Pity me even more, because when treacherous politicians were not enough, their work is completed by unspeakably cowardly people like Archbishop Paglia, a man who does not even need to be elected but behaves as if his daily bread – and not his salvation – depended on it.
I have already written about the fact that the disgraceful Archbishop would like to have some legislation aimed at making the life of scandalous and unrepentant sodomites “easier”, something for which he would have probably – and certainly, if I had been the one to decide – been burnt at the stake not many centuries ago.
Now, we do not know whether Archbishop Paglia -or his aider and abetter, the Pope, who must take full responsibility before God for such an appointment, and for not immediately rebuking the Archbishop – was in agreement with the Primo Ministro, Monti, or whether the latter just saw an opportunity to conveniently shift on the sodomite side without too much damage. The fact is, though, that Monti expressed himself in a way similar to the Archbishop’s just a couple of days after the latter’s diabolical declarations. The gravity of the two events is, still, breathtaking.
Worse still is that similar words, though just a bit more nuanced – politicians love “nuanced” almost as much as Vatican officials – have been pronounced by the chap I was planning to vote, Pierferdinando Casini, the head of that part of the Monti-coalition which in the past had never failed to deliver. In short, there’s a taking down of trousers almost wherever you turn.
One froths with rage at thinking that the Vatican could have made of this election an unprecedented crusade for family and Christian values, and forced everyone to pay much attention to what he says and stands for. How powerful the Vatican still is, is clearly showed from the fact that – previous agreement or not – Monti and Casini did not dare to open their mouth before the Archbishop gave them the “green light” to do so. This gives you the full scale of the betrayal the – I must say this, because is the purest fact – Holy Father and his, ahem, “family protector” have to answer for.
Pity me, then, once again, for living in a country where not even high ecclesiastical authorities dare to fight for Christ; Popes are blind, deaf, and mute; and Catholic politicians behave like street whores.
I wanted to give my vote to the Centre (= Monti, Casini, Fini) coalition. Whilst risks are always there, I thought that after proper consideration of all the cards the vote for the centre would offer the highest chances to block sodomy-enhancing initiatives. Of course, it can still be that this is the case – believe me, an Italian politician can promise an awful lot he knows he has no intention to deliver – but I do not want to feel my vote has been misused, and do not think Casini can be trusted on that, much less Monti. Besides, Monti does not want to be seen as a “traditional” politician, so he has compromised himself once and for all.
Therefore, I have decided to vote – for the first time in my life, and I never thought I’d see the day – for the centre-right coalition; which, whilst not officially led by Berlusconi anymore, is still infested by him. Again: pity me. The vote has been sent today (it’s Saturday as I write), alea iacta est.
I will not delude you or myself into thinking the centre-right are the fortress the UDC (= the Casini party; himself a concubine, btw) was supposed to be, and I am actually terrified at the thought next time I look for Italian news I’ll read that they too have jumped into the bandwagon; but as I write these very sad notes they are the only grouping in which a possible mention of Berlusconi of a possible support for some kind of legislative measure in favour of sodomy – a misinterpretation of careless words, and clearly a forced one – was greeted by a salvo of complete rejections of the very idea by his own party members, and led to such angry denials that the matter died very soon.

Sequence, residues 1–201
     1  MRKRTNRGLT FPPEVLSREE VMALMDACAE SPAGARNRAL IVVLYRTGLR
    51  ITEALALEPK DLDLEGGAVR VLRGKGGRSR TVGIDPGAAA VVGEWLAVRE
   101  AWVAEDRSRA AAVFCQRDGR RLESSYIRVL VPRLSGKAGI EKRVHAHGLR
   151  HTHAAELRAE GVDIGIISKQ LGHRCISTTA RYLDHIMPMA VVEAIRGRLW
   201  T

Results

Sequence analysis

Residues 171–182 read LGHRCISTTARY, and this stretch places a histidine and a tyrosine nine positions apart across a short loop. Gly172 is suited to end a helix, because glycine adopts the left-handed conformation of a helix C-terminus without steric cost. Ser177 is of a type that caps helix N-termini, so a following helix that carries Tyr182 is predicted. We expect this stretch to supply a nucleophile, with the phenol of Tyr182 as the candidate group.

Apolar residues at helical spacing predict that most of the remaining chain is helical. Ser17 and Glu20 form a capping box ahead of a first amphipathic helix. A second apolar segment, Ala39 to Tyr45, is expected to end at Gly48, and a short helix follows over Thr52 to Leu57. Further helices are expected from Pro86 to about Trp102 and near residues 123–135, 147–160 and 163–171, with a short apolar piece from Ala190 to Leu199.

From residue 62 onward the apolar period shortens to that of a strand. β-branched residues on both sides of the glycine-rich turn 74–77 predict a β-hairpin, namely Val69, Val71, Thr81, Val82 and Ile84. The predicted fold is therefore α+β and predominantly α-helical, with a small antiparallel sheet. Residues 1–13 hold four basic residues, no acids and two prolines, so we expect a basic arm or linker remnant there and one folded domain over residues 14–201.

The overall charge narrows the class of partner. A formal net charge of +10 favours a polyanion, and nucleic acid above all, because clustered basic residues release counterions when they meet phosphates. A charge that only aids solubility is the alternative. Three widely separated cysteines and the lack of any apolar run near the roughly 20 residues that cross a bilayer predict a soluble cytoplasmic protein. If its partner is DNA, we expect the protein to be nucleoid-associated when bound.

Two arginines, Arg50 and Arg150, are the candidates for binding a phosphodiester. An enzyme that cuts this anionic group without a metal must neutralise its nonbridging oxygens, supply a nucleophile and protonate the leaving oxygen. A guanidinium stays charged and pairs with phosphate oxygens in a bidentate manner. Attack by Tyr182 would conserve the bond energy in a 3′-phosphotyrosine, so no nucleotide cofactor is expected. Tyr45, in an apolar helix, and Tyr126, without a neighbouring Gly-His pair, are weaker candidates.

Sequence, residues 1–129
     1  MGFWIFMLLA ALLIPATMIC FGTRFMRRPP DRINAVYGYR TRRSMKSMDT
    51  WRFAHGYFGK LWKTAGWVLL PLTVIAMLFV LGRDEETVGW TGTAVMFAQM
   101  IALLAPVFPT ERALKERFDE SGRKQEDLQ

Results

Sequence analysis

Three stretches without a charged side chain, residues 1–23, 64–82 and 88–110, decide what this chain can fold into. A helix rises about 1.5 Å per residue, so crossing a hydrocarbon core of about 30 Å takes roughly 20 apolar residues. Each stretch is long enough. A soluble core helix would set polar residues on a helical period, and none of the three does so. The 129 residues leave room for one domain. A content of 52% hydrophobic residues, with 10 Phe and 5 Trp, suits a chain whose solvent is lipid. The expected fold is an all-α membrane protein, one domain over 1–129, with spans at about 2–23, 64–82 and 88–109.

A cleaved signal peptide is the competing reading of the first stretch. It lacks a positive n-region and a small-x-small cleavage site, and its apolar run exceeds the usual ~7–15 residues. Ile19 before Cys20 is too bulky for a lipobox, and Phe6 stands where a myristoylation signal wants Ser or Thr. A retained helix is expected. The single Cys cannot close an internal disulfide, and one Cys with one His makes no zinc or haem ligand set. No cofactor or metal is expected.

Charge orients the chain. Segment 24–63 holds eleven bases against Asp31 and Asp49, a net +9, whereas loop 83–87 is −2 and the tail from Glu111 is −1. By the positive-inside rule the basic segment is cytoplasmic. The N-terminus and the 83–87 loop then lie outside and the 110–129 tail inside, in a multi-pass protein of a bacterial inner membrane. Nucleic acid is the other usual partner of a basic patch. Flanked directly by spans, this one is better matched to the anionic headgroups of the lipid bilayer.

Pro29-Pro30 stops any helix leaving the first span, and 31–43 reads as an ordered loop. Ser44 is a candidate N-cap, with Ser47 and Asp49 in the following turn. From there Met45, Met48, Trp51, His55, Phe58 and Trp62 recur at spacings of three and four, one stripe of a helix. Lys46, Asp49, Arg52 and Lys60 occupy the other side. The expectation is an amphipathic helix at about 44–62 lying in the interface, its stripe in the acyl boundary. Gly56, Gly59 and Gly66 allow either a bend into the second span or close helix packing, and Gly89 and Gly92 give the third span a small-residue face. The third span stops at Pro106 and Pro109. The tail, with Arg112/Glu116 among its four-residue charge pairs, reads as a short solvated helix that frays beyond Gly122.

This was, of course, several weeks ago, and we live in such times that the temptation to fish into the rather large pool of “inclusiveness” – a muddy pool in which even Archbishop Paglia was happy to immerse himself, and make both his person and the Holy Church stink with the stench of sodomy – might well be too strong for populists like Berlusconi & Co. With the only difference that – if we are lucky – Berlusconi & Co. will be too scared to anger the old men and women in Veneto, Lombardy and Sicily, who are absolutely vital to them if they are to avoid an outright majority of the Left in the Senato as it appears rather sure they will get the Camera.
This is the most chaotic election I have lived since 1994, and it is even more unpredictable because of the changed social conditions ( a much bigger mass of non-voters and undecided, making polls rather a work of art than a matter of statistical probability ). Against all expectations, the “Five Stars movements” is growing stronger, and no one really knows whether the diffused anger towards the party system – including Berlusconi, of course – will really translate into 15% of the votes, which would be an earthquake and, let me say this, truly bad for the country.
It becomes even more interesting now, because the Italian electoral law has a rather brutally enforced ban on polls in the last two weeks (that is: from the 10th), and in the last two weeks a lot can happen.
In theory, the centre-right coalition might still carry the day; in theory, many might think as I do and decide that the centre-right (particularly the UDC, the once staunchly Catholic party) is not a credible defender of marriage, family and Christian values. In practice, this election was and is not being fought along religious lines, and the fact Berlusconi did not launch the loudly trumpeted “battle on family values” says a lot about the real lay of the land.
Italians are about to betray their God and tradition not in that they are directly embracing Sodomarriage (they are not as rotten as the Britons, by far), but in that, as stupidly as Archbishop Paglia is stupid, they might/could/will give ways to form of “civil partnerships” which, besides being an abomination in themselves, will make the cry for “sodomarriage” unavoidable in just a couple of years’ time.
Pity me, then, as I write on a rainy afternoon contemplating another battle our prelates were too indecisive (yes, starting from the very top) to fight.
And pray for our clergy, whose members are not even ashamed of openly promoting, or silently abetting, abominations in the eyes of The Lord.